idx=38 vaddr=0x00000000 paddr=0x00000000 sz=0 vsz=0 perm=m-rw- name=GNU_STACK
idx=39 vaddr=0x08049f08 paddr=0x00000f08 sz=248 vsz=248 perm=m-r-- name=GNU_RELRO
idx=40 vaddr=0x08048000 paddr=0x00000000 sz=52 vsz=52 perm=m-rw- name=ehdr

41 sections


This is a very useful feature to find out who calls/references what, whether it be an interesting function or string.


gdb-peda$ xrefs func
All references to 'func':
0x8048558 <main+122>:	call   0x804846b <func>


[0x080484e2]> axt sym.func
call 0x8048558 call sym.func in sym.main

This can also be done in visual mode using x on a specific symbol.

Patching code/memory


gdb-peda$ patch 0x402a00 0x90
Written 1 bytes to 0x402a00


If opening in read-only mode, you should enable cache-writing via e io.cache = true. Otherwise, you can use the -w option when loading the file: r2 -d -w ./binary.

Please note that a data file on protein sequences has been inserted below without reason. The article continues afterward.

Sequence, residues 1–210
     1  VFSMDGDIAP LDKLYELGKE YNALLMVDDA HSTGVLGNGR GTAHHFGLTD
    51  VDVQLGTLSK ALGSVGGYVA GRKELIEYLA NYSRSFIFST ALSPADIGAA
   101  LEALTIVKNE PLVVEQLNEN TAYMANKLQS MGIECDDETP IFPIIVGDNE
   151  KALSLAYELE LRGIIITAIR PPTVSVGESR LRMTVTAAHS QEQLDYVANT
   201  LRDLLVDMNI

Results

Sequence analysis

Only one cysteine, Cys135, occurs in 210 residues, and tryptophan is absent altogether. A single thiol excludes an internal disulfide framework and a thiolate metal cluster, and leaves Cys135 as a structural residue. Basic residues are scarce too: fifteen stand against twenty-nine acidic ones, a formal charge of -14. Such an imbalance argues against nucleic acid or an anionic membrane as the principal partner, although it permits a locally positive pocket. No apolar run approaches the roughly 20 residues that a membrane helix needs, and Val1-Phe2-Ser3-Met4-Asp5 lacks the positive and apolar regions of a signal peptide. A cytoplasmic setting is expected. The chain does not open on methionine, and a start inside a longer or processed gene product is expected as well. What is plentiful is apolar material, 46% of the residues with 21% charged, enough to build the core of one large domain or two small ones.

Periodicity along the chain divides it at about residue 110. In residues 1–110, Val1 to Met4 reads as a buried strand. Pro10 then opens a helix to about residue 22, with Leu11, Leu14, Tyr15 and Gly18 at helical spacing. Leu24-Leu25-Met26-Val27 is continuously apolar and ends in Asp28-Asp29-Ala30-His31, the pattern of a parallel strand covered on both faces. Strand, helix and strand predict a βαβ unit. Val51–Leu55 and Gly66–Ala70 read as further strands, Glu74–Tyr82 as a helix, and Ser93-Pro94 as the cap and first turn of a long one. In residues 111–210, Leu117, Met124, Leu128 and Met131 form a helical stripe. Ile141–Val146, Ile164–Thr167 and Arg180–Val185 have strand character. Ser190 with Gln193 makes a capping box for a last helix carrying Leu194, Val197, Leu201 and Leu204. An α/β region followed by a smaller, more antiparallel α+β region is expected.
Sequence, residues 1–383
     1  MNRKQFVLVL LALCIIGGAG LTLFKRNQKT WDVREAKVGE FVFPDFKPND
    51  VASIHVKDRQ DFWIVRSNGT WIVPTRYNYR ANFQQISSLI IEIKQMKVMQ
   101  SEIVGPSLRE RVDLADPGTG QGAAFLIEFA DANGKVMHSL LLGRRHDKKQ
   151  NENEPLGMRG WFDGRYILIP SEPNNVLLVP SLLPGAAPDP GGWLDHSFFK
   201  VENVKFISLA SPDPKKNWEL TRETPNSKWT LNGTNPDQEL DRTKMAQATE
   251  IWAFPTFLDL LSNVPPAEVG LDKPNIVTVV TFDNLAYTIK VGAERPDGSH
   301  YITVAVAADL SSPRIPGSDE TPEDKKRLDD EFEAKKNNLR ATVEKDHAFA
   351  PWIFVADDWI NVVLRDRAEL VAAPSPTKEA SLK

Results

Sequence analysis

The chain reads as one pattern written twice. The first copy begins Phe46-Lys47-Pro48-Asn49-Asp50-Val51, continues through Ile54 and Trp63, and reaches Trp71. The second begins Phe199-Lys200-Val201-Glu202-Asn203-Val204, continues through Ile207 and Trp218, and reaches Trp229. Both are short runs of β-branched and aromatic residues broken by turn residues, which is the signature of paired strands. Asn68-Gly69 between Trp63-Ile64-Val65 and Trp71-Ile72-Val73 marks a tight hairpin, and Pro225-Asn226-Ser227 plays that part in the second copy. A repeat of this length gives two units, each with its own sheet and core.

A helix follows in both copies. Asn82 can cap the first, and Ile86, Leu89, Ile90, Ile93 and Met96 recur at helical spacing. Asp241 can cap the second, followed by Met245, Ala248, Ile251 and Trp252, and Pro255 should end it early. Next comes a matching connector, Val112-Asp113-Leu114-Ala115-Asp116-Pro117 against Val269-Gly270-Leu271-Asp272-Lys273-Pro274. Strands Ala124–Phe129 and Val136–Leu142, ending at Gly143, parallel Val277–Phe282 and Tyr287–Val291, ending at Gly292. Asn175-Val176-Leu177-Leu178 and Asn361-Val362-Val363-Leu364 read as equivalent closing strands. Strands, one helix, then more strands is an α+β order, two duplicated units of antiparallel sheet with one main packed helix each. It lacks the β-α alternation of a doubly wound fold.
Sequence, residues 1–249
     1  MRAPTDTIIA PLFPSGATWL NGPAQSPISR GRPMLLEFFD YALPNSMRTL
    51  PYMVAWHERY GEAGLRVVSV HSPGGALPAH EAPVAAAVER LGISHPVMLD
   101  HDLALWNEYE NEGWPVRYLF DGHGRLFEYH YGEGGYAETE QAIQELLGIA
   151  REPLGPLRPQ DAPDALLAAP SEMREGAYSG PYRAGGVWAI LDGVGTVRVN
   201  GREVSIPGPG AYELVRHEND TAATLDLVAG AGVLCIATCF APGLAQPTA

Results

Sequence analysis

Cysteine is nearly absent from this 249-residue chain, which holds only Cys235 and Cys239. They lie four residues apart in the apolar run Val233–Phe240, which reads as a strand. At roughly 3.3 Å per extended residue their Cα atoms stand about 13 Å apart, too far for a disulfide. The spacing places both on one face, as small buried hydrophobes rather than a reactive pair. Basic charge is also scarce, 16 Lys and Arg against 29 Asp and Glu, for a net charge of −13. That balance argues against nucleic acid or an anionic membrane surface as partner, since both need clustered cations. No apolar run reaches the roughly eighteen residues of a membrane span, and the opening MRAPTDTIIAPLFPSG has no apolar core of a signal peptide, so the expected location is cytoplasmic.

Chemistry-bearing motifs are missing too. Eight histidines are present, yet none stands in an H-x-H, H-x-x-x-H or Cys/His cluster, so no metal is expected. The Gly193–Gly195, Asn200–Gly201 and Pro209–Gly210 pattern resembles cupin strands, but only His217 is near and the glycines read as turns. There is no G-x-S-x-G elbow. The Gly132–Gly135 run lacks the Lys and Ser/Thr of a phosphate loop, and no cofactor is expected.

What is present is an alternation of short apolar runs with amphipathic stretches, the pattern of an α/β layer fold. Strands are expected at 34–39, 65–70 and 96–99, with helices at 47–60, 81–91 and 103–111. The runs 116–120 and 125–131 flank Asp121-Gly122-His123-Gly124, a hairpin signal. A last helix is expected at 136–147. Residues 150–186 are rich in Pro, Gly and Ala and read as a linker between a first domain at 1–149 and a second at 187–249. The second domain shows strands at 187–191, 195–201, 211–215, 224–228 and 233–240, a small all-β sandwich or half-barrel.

$ r2 /bin/ls
[0x004049a0]> e io.cache = true
[0x004049a0]> pi 1 @ main
push r15
[0x004049a0]> wx 90 @ main
[0x004049a0]> pi 1 @ main

De Bruijn patterns


gdb-peda$ pattc 100
gdb-peda$ patto AAEA
AAEA found at offset: 34


In r2, you need to specify the address at which you wish to write the pattern. AFAIK, there is no way to write the pattern to stdout for copy-pasting it. Also, the offset doesn’t work with string values; must be hex.

[0x00402a00]> wop?
|Usage: wop[DO] len @ addr | value
| wopD len [@ addr]  Write a De Bruijn Pattern of length 'len' at address 'addr'
| wopO value         Finds the given value into a De Bruijn Pattern at current offset
[0x00402a00]> wopD 100 @ rsi
[0x00402a00]> ps @ rsi!100
[0x00402a00]> wopO 0x414b4141

Searching in memory


gdb-peda$ phelp searchmem
Search for a pattern in memory; support regex search